Strategic Disclosure Misclassification
Carnegie Mellon University – Tepper School of Business
Stephen A. Karolyi
Carnegie Mellon University – Tepper School of Business
University of Minnesota – Carlson School of Management
May 11, 2016
When SEC disclosure guidelines are not bright-lined, do firms use discretion strategically? To answer this question, we apply modern machine learning techniques to characterize disclosure misclassification by public companies. We find that 17% of disclosures are misclassified, and those concerning material definitive agreements, executives or directors contracts and turnover, and delisting notices are most commonly misclassified. Using EDGAR search traffic data, we provide evidence that misclassification successfully reduces investor attention. Through attention, misclassification leads to a significant and persistent impact on absolute market reactions. For misclassified filings, search traffic is 45% lower and absolute market reactions are 79 bps smaller. Finally, we find that managers strategically misclassify disclosure if the news is negative and when market attention is high.
Strategic Disclosure Misclassification – Introduction
The objective of the Securities Exchange Act of 1934 was to standardize, regulate, and enforce public disclosure of relevant corporate information. This objective was accomplished, in part, by requiring companies to file annual 10-K and quarterly 10-Q financial statements. For changes in operational or financial conditions that occur between periodic reports but would still be of interest to investors, the Securities and Exchange Commission (SEC) also mandated 8-K filings, or “current reports”.
This disclosure regime evolved to the point that public companies pursuant to it issued 327,775 filings in 2003 alone and has led to concerns that investors with limited attention may not be able to discern material events from immaterial ones.1 The SEC has taken steps to alleviate investors’ search costs by categorizing disclosures into groups based on their content. This categorization effort has resulted in a classification-based system of disclosure|current reports now include content-based classifications, which ostensibly help investors filter current reports based on their needs. On the other hand, if classification is not subject to bright-lined rules, such a system may create the scope for opportunistic discretion (Dye, 2002; Gao, Sapra and Xue, 2016).
In this paper, we study the 8-K classification scheme to determine if firms strategically misreport the classification of disclosures concerning material changes in operational or financial conditions to avoid investor attention. However, our empirical examination of strategic disclosure misclassification is subject to several empirical challenges. Most importantly, identifying misclassified disclosures is difficult because the “correct” classification for each disclosure is a latent construct and not subject to bright-line rules. To overcome this challenge, we employ novel machine learning techniques to classify 8-K lings based on their textual content. That is, we develop a latent classification system based on textual similarity and identify misclassified filings based on deviations between realized classifications and our latent classification. With this novel measure, we explore misclassification motives, complementarities with other strategic disclosure choices, and the market consequences of misclassification. Our evidence suggests that (i) a significant fraction (17%) of 8-K filings are misclassified, (ii) managers strategically misclassify negative news, particularly when market attention is high, and (iii) misclassification successfully reduces investor attention and absolute market reactions. These results have important implications for the design of the SEC’s disclosure system, investor information acquisition behavior, and corporate disclosure policy.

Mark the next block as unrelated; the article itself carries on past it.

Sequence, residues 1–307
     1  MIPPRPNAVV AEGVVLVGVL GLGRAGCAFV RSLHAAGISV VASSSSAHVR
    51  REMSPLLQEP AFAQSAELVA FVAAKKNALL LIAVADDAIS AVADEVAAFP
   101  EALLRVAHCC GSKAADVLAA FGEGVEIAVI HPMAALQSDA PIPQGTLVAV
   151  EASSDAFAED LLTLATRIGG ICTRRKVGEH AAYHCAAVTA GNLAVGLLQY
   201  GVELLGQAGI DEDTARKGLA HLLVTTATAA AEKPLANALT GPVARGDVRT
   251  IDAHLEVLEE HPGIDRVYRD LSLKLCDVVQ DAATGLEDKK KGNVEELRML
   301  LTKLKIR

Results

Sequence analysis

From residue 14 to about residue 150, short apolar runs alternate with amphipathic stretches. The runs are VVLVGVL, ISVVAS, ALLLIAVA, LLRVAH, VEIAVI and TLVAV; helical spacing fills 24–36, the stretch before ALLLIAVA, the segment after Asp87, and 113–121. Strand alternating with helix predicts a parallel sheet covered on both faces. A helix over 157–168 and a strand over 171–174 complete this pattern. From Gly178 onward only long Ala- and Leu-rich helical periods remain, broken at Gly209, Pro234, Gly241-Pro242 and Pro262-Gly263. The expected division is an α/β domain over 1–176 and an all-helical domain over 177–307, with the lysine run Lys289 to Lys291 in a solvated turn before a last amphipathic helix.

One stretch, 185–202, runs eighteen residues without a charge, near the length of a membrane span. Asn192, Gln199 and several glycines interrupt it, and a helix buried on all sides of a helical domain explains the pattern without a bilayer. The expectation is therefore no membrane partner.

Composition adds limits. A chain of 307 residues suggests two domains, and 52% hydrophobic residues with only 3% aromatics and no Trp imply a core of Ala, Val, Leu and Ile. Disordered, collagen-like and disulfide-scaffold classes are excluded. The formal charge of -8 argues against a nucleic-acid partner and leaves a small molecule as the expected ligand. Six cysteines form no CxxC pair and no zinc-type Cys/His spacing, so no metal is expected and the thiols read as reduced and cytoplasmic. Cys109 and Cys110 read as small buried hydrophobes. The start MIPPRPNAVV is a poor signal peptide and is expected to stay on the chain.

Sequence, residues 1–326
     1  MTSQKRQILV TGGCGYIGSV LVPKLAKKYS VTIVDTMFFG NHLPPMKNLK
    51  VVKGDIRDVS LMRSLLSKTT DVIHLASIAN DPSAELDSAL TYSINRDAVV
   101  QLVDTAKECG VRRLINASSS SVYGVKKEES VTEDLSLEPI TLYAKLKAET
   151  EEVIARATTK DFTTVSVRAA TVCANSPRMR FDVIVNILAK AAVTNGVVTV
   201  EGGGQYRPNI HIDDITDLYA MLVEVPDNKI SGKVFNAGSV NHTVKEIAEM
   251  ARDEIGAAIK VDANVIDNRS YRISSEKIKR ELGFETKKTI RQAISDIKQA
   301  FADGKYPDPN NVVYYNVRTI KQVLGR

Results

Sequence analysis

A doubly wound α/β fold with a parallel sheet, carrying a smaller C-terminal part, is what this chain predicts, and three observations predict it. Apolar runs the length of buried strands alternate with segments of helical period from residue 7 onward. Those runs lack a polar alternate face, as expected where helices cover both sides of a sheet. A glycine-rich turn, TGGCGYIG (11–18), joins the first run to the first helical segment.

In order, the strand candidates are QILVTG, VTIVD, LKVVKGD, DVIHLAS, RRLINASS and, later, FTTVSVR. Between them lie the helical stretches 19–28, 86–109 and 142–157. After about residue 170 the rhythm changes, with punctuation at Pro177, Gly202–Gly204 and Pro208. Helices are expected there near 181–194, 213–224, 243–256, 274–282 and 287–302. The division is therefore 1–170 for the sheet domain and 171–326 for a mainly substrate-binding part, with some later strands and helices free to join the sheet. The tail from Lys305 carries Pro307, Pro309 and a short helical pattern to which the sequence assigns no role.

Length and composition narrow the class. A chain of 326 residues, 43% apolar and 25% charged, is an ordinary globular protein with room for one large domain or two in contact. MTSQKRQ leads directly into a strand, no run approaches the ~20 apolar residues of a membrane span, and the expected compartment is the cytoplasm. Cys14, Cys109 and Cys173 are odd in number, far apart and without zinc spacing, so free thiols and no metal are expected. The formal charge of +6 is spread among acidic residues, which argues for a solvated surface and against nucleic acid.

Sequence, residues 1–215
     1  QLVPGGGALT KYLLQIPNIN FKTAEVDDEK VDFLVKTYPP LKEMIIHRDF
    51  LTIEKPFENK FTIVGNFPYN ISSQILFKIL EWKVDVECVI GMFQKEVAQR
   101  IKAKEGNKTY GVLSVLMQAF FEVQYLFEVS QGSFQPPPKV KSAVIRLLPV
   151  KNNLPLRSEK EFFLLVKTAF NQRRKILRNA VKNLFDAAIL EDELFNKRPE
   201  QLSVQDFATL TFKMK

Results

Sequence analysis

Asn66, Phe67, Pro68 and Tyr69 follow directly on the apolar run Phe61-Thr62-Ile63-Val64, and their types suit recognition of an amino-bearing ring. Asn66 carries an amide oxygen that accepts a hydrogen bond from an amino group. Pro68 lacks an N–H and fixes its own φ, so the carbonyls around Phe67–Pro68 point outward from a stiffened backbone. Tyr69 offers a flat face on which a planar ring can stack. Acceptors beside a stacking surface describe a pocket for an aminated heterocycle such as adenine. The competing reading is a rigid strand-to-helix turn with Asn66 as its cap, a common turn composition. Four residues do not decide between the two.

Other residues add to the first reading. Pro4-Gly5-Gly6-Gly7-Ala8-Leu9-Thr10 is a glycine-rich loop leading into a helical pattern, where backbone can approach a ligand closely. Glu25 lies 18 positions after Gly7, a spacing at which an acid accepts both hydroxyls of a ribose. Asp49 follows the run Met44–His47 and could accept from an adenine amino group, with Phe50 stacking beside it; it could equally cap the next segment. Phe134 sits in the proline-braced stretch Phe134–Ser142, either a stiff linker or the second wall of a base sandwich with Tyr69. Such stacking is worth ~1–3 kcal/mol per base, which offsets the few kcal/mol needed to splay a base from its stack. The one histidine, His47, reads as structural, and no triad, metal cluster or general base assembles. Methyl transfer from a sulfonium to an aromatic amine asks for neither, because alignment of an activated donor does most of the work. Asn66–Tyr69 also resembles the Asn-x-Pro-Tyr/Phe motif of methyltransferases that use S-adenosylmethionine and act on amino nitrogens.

Because we rely on deviations from realized 8-K filing classifications, our approach depends on the existing classification system of 8-K filings. By the early 2000s, 8-K lings were mandatory for twelve distinct item classifications (i.e. news categories) and companies had a maximum of fifteen days to report an event.3 On August 23, 2004, the Securities and Exchange Commission (SEC) mandated new disclosure requirements for Form 8-K. These new requirements expanded the number of items separately classified from twelve to twenty-six and reduced the maximum lag between the event date and reporting date to four business days (Lerman and Livnat, 2010). With this new disclosure regime, the SEC attempted to meet investor demand for timely, relevant, and reliable information and to reduce securities fraud.
By increasing the number of distinct items and creating a new topical format, the SEC reduced ambiguity over what events should be disclosed on a mandatory basis. Despite these changes, the SEC did not remove the catch-all “Other Events” item, now known as Item 8.01, which suggests that, unlike categorized items, the SEC did not anticipate investor demand for information events that may be filed under this category. As investor demand for information contained in filings is related to market reactions, events led under the Item 8.01 category are likely to be met with smaller market reactions. Consistent with this conjecture, (Lerman and Livnat, 2010) finds that Item 8.01 filings have lower absolute market reactions, on average, than other item types, which makes it the ideal target classification for misclassified filings.4 Therefore, we focus our identifying variation on misclassified filings that have a realized classification of Item 8.01.
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